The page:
I'll agree that the old controls like mine were not ergonomically designed and I usually do write the programs on the pc and download but even though I have the lathe module, I seldom use CAM for the lathe.
 

xpylonracer

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Just seen the latest video from Lars and the Fusion 360 chief explaining some of the reasons for changes, also announced exporting step files is to be allowed which is a big bonus. Tool changes will have to be edited within any program sent from the post processor and feed rates will need tweeking within the program if required.
Link to a short video from Lars:
 

SmithDoor

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I have both Autocad 95 and Autocad 2000LT on my Windows 10 64 bit computer.

Autodesk does not want any using older software. Autodesk want you rent new software.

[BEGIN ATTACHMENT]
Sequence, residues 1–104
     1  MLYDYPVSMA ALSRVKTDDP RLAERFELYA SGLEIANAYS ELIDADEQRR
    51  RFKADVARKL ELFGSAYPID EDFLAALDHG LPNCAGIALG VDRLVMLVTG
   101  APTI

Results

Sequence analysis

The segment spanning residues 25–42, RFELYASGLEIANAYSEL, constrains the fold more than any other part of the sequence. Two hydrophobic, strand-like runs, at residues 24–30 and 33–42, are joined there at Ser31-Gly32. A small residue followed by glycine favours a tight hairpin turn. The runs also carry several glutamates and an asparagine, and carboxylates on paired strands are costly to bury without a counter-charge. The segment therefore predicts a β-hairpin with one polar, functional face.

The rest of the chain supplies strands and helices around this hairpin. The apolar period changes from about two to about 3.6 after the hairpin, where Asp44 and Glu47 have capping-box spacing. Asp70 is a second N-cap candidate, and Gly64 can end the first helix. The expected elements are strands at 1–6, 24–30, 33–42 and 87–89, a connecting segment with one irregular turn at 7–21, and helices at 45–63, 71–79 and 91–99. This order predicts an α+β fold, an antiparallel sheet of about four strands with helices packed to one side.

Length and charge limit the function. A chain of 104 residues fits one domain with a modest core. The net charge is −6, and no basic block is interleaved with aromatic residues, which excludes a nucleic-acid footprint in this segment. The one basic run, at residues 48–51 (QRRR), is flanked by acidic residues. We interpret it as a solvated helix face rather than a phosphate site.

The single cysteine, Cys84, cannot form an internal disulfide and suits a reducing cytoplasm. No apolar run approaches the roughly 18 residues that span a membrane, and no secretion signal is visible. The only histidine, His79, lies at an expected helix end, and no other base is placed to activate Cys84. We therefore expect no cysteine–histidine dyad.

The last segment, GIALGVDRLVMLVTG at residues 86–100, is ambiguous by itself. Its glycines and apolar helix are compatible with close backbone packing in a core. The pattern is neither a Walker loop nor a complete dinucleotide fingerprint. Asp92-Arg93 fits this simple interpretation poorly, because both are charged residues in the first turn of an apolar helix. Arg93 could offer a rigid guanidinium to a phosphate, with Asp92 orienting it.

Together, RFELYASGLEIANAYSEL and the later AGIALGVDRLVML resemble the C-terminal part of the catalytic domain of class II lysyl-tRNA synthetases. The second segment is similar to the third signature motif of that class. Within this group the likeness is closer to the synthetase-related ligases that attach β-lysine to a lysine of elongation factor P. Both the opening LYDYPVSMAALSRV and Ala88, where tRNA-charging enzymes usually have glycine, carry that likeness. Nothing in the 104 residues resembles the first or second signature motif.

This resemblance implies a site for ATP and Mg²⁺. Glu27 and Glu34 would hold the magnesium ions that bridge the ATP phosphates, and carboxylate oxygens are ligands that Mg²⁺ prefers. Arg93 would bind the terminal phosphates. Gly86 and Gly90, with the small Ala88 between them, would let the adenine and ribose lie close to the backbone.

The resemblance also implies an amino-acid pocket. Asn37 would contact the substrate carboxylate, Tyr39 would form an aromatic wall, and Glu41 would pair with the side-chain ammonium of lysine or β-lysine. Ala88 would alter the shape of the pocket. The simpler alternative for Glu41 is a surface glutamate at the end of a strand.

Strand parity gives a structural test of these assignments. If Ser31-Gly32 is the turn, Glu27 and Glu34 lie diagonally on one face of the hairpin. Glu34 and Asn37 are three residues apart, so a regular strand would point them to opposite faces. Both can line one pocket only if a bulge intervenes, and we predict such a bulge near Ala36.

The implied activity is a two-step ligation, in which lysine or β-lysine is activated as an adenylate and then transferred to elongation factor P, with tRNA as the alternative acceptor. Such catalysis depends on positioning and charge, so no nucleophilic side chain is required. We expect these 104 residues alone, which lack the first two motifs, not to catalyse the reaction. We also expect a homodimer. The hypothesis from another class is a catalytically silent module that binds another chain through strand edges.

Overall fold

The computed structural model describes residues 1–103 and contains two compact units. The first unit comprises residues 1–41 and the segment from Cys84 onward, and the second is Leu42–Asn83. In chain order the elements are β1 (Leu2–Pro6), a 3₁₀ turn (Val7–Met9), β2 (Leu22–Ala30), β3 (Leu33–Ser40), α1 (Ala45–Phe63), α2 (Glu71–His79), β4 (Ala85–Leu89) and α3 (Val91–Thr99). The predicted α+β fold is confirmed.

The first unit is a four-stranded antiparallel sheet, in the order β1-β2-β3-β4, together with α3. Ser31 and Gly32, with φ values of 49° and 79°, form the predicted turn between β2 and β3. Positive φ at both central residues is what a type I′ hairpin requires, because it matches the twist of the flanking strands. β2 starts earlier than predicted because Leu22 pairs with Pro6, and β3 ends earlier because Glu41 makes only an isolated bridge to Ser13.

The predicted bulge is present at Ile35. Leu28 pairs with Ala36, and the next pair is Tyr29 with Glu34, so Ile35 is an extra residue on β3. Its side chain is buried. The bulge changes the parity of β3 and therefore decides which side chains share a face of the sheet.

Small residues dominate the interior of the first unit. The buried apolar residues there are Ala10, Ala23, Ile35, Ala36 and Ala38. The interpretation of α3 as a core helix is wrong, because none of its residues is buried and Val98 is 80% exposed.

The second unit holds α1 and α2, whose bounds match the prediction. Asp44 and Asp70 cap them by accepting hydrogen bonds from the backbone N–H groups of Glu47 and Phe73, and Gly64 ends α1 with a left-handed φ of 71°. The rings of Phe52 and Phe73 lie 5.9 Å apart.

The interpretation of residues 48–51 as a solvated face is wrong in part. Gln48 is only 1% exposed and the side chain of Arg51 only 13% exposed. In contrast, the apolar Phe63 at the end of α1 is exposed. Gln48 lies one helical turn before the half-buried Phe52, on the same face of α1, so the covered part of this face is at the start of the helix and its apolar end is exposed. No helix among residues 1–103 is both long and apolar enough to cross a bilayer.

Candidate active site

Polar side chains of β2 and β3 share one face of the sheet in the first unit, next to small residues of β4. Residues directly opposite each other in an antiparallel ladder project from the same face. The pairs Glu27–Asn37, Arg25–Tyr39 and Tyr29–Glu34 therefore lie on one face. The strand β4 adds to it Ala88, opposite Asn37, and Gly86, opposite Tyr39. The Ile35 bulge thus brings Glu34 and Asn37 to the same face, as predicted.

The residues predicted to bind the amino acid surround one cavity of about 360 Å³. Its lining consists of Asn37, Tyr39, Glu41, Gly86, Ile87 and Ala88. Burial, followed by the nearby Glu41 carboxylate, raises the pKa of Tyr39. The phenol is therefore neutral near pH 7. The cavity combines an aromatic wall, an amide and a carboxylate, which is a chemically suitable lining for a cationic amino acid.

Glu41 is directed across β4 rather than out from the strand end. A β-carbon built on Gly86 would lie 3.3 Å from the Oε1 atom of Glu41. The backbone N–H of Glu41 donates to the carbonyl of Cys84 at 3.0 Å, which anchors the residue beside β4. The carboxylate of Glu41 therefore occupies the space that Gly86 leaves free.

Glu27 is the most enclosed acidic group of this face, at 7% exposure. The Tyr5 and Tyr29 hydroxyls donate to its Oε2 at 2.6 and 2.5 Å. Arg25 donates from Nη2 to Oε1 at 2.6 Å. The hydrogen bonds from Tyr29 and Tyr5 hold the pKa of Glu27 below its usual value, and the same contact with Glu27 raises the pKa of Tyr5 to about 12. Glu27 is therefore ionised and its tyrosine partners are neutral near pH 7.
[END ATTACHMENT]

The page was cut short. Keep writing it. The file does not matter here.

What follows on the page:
I can email the installer to you and you backup and running.

Dave


The only problem is Autocad won’t activate anything 2000 or older
even though you “own it”. I tried to reinstall 2000LT on my computer after a reformat and was told by Autocad, your out of luck. This was a full, paid for version too.
 

SmithDoor

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You also download the installer that works on most software written from 1995 to 2003. They a 16bit installer but the programs are 32-bit that works on todays Windows 10 64-bit computers.


Dave


The only problem is Autocad won’t activate anything 2000 or older
even though you “own it”. I tried to reinstall 2000LT on my computer after a reformat and was told by Autocad, your out of luck. This was a full, paid for version too.
 

SmithDoor

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I uploaded all files need to install Autocad 95 to 2000LT
In the download thread here.
It includes print drivers need for Autocad 2000LT


Dave

The only problem is Autocad won’t activate anything 2000 or older
even though you “own it”. I tried to reinstall 2000LT on my computer after a reformat and was told by Autocad, your out of luck. This was a full, paid for version too.